It would be impossible to claim that the 12 months since the last edition of IBC have been anything but highly eventful in the audio world. On the one hand there have been strong signs that we are about to enter a new phase of mixing and production thanks to the arrival of immersive and personalised audio technologies; on the other there have been some formidable individual product releases that attest to the robust health of the sector’s R&D departments.
If one was to single out a few specific developments, these might include: the continued roll-out of Dolby Atmos; multiple showcases for the MPEG-H 3D audio coding technology; and the ongoing adoption of the AES67 AoIP standard and/or Audinate’s Dante media networking technology, with the latter recently passing the 300-manufacturer, 750-product milestones.
At IBC2016, one can expect many of these trends to be reflected both on and off the show floor. Indeed, one particular conference session, ‘Advanced ideas in audio production’ (12 September, 0830-1000), looks set to combine many of the key threads. Devised to examine three new influences on audio production and look at how they will impact on workflow and content management, the session will begin with an examination of IP audio production ‘which will recommend a new IP-based facility control structure together with dynamic allocation of production resources’.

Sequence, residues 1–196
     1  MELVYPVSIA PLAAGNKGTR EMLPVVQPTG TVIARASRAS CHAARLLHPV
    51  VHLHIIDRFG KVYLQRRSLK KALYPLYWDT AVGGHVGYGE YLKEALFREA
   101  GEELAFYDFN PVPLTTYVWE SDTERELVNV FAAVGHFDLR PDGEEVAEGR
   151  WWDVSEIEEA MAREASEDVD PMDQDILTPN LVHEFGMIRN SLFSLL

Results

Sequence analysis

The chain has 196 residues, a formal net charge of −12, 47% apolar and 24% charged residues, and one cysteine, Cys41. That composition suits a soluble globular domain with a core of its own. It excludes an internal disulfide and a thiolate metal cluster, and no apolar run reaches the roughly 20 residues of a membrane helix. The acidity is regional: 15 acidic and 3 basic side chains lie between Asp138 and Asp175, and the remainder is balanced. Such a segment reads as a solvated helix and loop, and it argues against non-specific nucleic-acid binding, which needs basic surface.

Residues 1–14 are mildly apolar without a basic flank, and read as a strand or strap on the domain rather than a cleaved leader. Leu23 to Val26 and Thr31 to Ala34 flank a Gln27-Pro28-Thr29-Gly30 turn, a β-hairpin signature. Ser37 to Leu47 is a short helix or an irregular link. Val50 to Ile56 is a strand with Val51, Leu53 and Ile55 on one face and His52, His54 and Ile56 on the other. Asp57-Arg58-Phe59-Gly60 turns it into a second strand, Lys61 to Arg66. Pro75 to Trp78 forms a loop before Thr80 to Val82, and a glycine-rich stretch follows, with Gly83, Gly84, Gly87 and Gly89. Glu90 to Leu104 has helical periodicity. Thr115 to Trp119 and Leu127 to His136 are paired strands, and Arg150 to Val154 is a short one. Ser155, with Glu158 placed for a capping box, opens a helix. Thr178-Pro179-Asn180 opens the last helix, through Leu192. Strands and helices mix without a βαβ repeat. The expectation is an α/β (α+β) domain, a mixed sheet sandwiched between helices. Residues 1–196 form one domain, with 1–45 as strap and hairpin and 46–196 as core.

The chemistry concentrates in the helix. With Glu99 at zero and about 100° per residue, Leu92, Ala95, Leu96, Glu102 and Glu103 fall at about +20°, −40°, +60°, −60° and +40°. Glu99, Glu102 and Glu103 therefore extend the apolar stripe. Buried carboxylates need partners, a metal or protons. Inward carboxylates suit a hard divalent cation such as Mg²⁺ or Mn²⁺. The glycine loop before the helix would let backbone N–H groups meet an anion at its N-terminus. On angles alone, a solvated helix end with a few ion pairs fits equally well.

The far-reaching session will also address ‘novel ideas and innovative workflows in multilingual production which have already been prototyped and applied by a global news organisation,’ before moving on to an analysis of how audio may be used in immersive storytelling ‘to stimulate emotional responses’.
Taking place on the same day, another conference session, entitled ‘Advanced technologies for audio in association with IEEE BTS’ (1100-1300), also promises to deliver some tantalising hints of the broadcast soundworlds to come. The focus here will be to look at new audio system technologies for both UHD TV and cinema platforms, with expert speakers set to review the latest standardisation activities, delivery and playback techniques, and 3D spatial representations supporting immersive sound systems.
Whilst it is clear that immersive audio for broadcast is at a very early stage, these sessions should provide some firm ideas about how these technologies might be applied in the next few years, as well as highlighting some of the challenges that will no doubt arise for workflows and production practices.